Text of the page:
David Bourget (Western Ontario)
David Chalmers (ANU, NYU)
Rafael De Clercq
Jack Alan Reynolds
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Philosophy, Psychiatry, and Psychology 18 (2):147-150 (2011)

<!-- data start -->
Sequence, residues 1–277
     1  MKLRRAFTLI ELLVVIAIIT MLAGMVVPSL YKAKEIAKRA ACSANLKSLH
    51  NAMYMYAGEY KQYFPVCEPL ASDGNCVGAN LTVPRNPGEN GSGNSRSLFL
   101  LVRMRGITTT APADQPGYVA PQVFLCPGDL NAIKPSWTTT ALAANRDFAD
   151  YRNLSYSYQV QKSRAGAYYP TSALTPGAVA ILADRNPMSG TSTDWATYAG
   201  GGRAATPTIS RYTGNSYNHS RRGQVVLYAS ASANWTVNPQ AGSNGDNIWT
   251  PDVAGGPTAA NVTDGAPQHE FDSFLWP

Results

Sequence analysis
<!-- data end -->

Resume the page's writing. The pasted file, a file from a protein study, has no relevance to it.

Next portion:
Mental competence, or ‘mental capacity’ as it is referred to in recent legislation in the UK, is a concept that is expanding rapidly as a common currency in health and social care services. Neelke Doorn’s “Anthropological Reflection on the Concept of Competence” makes for fascinating and highly relevant reading and the legal and ethical discussions she describes taking place in the Netherlands would appear to echo many of those that have occurred in the UK over the last 5 to 10 years, but with some significant differences. However, Doorn’s new conceptualization of mental competence causes some concerns, particularly if it was to be applied in services currently provided to people where their mental capacity may be ..
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